Weight Room Training Tips for Cross Country Runners

Become a faster cross country runner by following these weight room tips.

If you want to be a successful cross-country runner, you training should involve more than just running. In addition to a running plan, competitive runners need to perform strength training. The benefits of strength training include better coordination, improved stability and flexibility, and the ability to maximize ground reaction forces.

Here are the most effective methods for weight room training of cross-country runners. Implement some of them in your training:

Perform Squats and Squat Variations

Research has shown that once runners achieve a racing pace, their momentum is constant and their relative mechanics are vertical. To kill two birds with one stone and train more effectively, perform multi-joint, vertical exercises. These include weight room favorites like the Squat. Going through the full range of motion with Front Squats or Back Squats will elicit the greatest gains in strength in the shortest amount of time in the gym. Make sure to have a professional check your form.

Perform Upper Body, Multi-Joint Pushing and Pulling Exercises

Make sure your workout includes pushing exercises like the Bench Press or Overhead Press and pulling exercises like Rows or Pull-Ups. The total number of repetitions of pulling exercises should at least equal the number of reps of pushing exercises.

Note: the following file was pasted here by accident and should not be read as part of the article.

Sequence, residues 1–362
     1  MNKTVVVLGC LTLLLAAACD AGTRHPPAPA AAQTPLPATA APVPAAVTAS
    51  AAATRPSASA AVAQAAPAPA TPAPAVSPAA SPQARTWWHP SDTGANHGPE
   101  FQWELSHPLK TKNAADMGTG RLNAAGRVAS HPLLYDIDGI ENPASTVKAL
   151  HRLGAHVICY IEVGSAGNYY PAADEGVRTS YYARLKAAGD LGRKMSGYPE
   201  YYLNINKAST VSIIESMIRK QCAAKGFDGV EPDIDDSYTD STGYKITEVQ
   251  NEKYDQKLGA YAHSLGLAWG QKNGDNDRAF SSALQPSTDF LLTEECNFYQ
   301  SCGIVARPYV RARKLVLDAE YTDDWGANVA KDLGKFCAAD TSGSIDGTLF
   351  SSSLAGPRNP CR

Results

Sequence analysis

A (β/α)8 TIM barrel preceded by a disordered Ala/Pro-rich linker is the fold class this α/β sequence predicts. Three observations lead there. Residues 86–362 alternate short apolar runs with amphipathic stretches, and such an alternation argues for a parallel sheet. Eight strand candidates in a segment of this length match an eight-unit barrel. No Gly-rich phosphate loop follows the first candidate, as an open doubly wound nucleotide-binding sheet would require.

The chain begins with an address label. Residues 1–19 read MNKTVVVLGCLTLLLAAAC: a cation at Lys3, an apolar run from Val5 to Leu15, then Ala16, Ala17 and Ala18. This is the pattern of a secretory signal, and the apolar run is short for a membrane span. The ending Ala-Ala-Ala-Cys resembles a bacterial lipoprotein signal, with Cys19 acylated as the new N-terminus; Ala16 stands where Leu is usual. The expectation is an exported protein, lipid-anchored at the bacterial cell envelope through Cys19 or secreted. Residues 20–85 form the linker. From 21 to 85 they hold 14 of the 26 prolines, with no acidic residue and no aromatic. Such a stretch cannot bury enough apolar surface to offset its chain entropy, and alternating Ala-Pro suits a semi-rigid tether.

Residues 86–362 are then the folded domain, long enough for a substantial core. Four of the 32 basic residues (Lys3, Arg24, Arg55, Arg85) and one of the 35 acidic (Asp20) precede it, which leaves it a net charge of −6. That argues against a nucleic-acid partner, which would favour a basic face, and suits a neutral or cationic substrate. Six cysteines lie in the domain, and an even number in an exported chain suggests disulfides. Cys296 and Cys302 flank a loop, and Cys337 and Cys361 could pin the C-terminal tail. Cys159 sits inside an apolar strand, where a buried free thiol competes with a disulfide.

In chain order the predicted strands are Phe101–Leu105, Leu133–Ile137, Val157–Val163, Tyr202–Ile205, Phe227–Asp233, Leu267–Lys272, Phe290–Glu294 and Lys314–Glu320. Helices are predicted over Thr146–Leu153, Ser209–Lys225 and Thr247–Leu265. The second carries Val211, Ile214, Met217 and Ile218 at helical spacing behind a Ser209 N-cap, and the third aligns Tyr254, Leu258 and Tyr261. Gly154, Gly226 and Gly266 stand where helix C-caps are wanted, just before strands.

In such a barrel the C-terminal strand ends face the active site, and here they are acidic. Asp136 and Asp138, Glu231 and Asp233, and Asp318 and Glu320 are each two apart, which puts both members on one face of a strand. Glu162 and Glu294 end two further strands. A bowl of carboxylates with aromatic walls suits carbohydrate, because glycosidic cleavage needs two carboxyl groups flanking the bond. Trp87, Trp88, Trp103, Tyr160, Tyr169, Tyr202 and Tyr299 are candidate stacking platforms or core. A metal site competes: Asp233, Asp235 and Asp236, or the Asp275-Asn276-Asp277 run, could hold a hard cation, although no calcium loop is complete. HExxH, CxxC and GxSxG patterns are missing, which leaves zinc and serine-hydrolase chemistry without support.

Perform Two to Six Sets of Three to Six Repetitions

Historically, runners have performed high reps (15+) to improve their strength endurance. This is a flawed training method because athletes are merely practicing their sport in the weight room, adding volume to their cross-country running training. To promote maximum muscle growth, perform sets of three to six repetitions at an intensity of 80 to 95 percent of max.

Perform Plyometrics

Yes, plyometrics for distance runners. I like to test an athlete's strength with Standing Long Jumps, three Double-Leg Hops, five Double-Leg Hops and Vertical Jumps. These check the transfer of gains from the weight room to the ability to drive more force into the ground on the course. If there is a gain in the weight room, there should be an improvement in a plyo. If there is no improvement, remove the exercise from your program.